It has been said that God cannot change his mind or alter his plans once decreed. Two verses in particular point to this:
Numbers 23:19 (NIV)
God is not human, that he should lie, not a human being, that he should change his mind. Does he speak and then not act? Does he promise and not fulfill?
1 Samuel 15:29 (NIV)
He who is the Glory of Israel does not lie or change his mind; for he is not a human being, that he should change his mind.
But there are clear instances where God in fact changed his mind and/or altered his declared course of action. Consider these passages:
Genesis 18:23-32 (NIV)
Then Abraham approached him and said: “Will you sweep away the righteous with the wicked? 24What if there are fifty righteous people in the city? Will you really sweep it away and not spare the place for the sake of the fifty righteous people in it? 25Far be it from you to do such a thing—to kill the righteous with the wicked, treating the righteous and the wicked alike. Far be it from you! Will not the Judge of all the earth do right?” 26The Lord said, “If I find fifty righteous people in the city of Sodom, I will spare the whole place for their sake.” 27Then Abraham spoke up again: “Now that I have been so bold as to speak to the Lord, though I am nothing but dust and ashes, 28what if the number of the righteous is five less than fifty? Will you destroy the whole city for lack of five people?” “If I find forty-five there,” he said, “I will not destroy it.” 29Once again he spoke to him, “What if only forty are found there?” He said, “For the sake of forty, I will not do it.” 30Then he said, “May the Lord not be angry, but let me speak. What if only thirty can be found there?” He answered, “I will not do it if I find thirty there.” 31Abraham said, “Now that I have been so bold as to speak to the Lord, what if only twenty can be found there?” He said, “For the sake of twenty, I will not destroy it.” 32Then he said, “May the Lord not be angry, but let me speak just once more. What if only ten can be found there?” He answered, “For the sake of ten, I will not destroy it.”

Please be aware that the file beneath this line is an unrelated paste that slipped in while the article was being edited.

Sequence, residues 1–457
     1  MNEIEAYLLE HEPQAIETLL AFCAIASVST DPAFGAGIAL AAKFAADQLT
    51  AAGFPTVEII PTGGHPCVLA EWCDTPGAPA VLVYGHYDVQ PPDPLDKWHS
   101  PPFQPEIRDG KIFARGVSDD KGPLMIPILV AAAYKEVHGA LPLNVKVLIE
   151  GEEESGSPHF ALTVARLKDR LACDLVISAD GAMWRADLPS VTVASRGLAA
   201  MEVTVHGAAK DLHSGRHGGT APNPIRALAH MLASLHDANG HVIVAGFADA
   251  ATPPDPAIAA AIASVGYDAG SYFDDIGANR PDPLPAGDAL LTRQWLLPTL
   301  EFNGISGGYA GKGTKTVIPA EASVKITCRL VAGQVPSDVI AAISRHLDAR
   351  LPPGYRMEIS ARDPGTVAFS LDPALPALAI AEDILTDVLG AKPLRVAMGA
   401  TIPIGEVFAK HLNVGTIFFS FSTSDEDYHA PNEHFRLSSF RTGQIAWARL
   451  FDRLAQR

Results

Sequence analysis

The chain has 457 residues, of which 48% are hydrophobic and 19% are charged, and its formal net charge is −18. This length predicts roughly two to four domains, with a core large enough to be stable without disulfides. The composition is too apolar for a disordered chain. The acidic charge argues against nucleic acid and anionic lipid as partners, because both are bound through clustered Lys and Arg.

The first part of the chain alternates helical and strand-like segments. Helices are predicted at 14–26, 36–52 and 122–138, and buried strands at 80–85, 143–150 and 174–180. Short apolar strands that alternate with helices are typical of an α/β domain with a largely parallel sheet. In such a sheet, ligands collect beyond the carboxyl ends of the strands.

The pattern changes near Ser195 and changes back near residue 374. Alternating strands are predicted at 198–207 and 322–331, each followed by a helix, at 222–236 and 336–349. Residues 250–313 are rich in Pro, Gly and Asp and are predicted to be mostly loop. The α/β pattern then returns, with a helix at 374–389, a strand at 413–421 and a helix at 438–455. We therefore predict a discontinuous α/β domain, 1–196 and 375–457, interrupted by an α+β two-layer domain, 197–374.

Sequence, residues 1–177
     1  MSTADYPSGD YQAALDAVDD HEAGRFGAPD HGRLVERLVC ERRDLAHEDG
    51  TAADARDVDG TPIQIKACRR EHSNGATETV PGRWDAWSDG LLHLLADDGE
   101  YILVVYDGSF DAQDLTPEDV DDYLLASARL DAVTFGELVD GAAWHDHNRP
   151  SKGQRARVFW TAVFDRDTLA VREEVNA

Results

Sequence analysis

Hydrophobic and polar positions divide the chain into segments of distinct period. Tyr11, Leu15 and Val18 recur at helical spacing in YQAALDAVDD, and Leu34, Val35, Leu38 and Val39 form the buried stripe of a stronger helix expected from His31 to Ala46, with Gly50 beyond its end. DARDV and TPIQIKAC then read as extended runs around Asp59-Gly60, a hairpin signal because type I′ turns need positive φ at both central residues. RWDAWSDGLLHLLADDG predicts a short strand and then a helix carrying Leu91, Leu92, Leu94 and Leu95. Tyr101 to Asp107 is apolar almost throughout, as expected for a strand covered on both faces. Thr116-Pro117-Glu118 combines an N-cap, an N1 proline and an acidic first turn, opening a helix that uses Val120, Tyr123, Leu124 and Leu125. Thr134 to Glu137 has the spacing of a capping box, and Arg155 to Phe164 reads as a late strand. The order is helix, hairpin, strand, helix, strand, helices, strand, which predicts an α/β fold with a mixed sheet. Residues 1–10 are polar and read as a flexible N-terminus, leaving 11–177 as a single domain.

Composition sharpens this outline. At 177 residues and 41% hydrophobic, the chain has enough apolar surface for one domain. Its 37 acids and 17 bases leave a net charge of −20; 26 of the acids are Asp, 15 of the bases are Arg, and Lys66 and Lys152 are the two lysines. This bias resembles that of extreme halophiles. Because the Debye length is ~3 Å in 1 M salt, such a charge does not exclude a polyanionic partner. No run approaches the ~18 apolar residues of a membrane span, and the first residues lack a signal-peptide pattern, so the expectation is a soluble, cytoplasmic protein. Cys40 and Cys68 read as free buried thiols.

Exodus 32:10-14 (NIV)
Now leave me alone so that my anger may burn against them and that I may destroy them. Then I will make you into a great nation.” 11But Moses sought the favor of the Lord his God. “Lord,” he said, “why should your anger burn against your people, whom you brought out of Egypt with great power and a mighty hand? 12Why should the Egyptians say, ‘It was with evil intent that he brought them out, to kill them in the mountains and to wipe them off the face of the earth’? Turn from your fierce anger; relent and do not bring disaster on your people. 13Remember your servants Abraham, Isaac and Israel, to whom you swore by your own self: ‘I will make your descendants as numerous as the stars in the sky and I will give your descendants all this land I promised them, and it will be their inheritance forever.’” 14Then the Lord relented and did not bring on his people the disaster he had threatened.
Numbers 14:12-20 (NIV)